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Reducing the Harm of America's Drug Problem

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The use and abuse of non-prescription drugs has been a problem in America since colonial times. Historically, the reaction to this problem has been the enforcement of prohibition laws and providing total abstinence education. This has resulted in big business in America; according to the United States Office of National Drug Control Policy, the federal government spent $19.2 billion dollars in 2003 on the war on drugs (1). Unfortunately, the abstinence based education and prohibition laws that are incorporated in the war on drugs have been wholly ineffective in slowing the demand for illicit drugs, and have had the opposite effects of driving up demand, street value, and drug-related crimes. The U.S. war on drugs bases its success on a decrease, and eventual eradication of the prevalence of drug use, a goal that has yet to be met. Detroit chief of police Jerry Oliver, in a 2002 interview with ABC news, said "Clearly, we're losing the war on drugs in this country [and] it's insanity to keep doing the same thing over and over again" (qtd. in Stossel). As the war on drugs continues to fail and cost this country billions of dollars, it has become clear that a new approach to the problem is needed. By changing the focus from trying to decrease the overall use of drugs to focusing on decreasing the negative side effects (both personal and societal) of drug use, our country will finally be able to make significant steps forward in our drug problem. This approach is known as harm reduction.

Harm reduction is a multi-faceted philosophy that includes various strategies to help lessen the negative impact of drug abuse on our society. These negative impacts include death, disease, suffering and crime. One of the basic assumptions which harm reduction is based on is "there has never been, is not now, and never will be a drug-free society" (Drug Policy Alliance). Some of the approaches endorsed by harm reduction are science-based, rather than scare tactic education, treatment for drug addicts instead of imprisonment, and the reduction of health risks for addicts still actively using drugs. The programs which have grown out of these ideals will not only reduce the cost of the drug war through reduction of imprisonment and law enforcement costs, but will reduce the spread of diseases associated with drug use such as HIV/AIDS.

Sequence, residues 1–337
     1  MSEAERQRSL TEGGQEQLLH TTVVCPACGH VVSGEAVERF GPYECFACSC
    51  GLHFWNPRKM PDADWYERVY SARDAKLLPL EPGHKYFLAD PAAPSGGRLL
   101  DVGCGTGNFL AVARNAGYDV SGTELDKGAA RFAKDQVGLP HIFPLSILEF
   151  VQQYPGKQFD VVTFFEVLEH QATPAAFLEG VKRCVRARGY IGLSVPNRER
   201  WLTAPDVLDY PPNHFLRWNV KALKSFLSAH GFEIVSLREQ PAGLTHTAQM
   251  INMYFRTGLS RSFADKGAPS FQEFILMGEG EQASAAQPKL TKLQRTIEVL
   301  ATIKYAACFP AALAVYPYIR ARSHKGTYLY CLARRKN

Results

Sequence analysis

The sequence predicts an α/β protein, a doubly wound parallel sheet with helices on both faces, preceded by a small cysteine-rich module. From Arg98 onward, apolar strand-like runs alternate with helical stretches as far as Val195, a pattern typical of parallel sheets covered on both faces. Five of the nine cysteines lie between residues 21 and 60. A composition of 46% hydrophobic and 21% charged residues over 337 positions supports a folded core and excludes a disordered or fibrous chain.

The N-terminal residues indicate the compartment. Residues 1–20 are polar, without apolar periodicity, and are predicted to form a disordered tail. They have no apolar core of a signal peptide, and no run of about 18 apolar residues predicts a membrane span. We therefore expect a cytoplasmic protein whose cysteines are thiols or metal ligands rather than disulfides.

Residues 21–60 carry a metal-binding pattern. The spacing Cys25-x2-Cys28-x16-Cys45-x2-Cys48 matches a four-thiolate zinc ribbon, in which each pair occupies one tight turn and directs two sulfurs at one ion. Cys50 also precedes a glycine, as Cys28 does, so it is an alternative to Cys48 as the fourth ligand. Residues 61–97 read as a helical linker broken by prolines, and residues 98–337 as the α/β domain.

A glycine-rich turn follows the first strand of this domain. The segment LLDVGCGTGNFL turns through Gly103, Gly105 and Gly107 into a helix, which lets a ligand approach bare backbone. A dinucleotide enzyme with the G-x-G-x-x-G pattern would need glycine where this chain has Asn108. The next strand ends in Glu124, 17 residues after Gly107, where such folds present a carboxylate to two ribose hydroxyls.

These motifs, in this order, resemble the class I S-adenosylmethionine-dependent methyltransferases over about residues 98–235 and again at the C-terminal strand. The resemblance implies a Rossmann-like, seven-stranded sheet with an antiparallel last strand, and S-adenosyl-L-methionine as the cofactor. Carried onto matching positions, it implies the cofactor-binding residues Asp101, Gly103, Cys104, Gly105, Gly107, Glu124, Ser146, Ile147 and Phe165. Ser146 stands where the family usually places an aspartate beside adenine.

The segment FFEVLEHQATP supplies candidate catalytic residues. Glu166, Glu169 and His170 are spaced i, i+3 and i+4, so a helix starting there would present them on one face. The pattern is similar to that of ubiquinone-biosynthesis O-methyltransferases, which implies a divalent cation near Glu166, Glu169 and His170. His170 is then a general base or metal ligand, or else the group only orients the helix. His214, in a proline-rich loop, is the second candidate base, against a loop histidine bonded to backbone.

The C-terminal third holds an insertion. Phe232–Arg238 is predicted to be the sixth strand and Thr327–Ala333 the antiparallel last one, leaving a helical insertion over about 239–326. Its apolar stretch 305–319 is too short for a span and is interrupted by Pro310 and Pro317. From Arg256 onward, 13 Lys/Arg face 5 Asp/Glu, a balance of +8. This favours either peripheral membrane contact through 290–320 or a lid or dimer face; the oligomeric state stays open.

While abstinence based education has become the accepted form of teaching young people about the dangers of drugs, these programs have also drawn wide criticism because of their failure to make any real difference in youth drug use. According to Mathea Falco, "Many schools rely on programs which have not been evaluated, or worse yet, have been found to have no impact. In 1988, a review of 350 different school programs found that only 33 had any valid evaluation data, while just three programs reported reductions in tobacco, alcohol or drug use" (qtd. in Rosenbaum). One of the most prolific abstinence based education programs is DARE (Drug Abuse Resistance Education). The program, founded in 1983, places police officers in classrooms to provide training to help youth recognize the dangers of drug use, resist peer pressure to try drugs, and focuses on the importance of avoiding drug use of any kind. In 2002, a study funded by the Partnership for a Drug-Free America found that 48% of the teen population has tried illegal drugs (United States). Abstinence based education programs ultimately imply and teach false information: that a single use of any number of drugs can kill a child or leave them addicted. Once these children enter their teen years, the numbers presented by the Partnership imply that it is likely they are going to be exposed to drugs. Once they try drugs or see others try them, if they do not see the outcomes taught to them as immediately evident, they become mistrustful of all the other information that was taught to them. This renders the entire program useless. In 2001, the U.S. Surgeon General called DARE "ineffective", and the head of the National Institute on Drug Abuse called the program just one of many anti-drug programs which do not work (Zernike). However, the flawed curriculums are still being taught in schools around the country.